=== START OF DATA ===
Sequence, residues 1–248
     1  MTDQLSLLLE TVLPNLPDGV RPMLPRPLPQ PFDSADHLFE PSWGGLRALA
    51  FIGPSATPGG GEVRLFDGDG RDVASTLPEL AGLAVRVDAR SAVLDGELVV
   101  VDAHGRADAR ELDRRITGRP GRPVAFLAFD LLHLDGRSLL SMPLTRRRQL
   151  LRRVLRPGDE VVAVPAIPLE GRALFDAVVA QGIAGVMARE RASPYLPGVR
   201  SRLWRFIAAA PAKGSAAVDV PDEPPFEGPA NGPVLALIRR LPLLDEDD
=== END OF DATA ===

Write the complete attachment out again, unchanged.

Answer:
Sequence, residues 1–248
     1  MTDQLSLLLE TVLPNLPDGV RPMLPRPLPQ PFDSADHLFE PSWGGLRALA
    51  FIGPSATPGG GEVRLFDGDG RDVASTLPEL AGLAVRVDAR SAVLDGELVV
   101  VDAHGRADAR ELDRRITGRP GRPVAFLAFD LLHLDGRSLL SMPLTRRRQL
   151  LRRVLRPGDE VVAVPAIPLE GRALFDAVVA QGIAGVMARE RASPYLPGVR
   201  SRLWRFIAAA PAKGSAAVDV PDEPPFEGPA NGPVLALIRR LPLLDEDD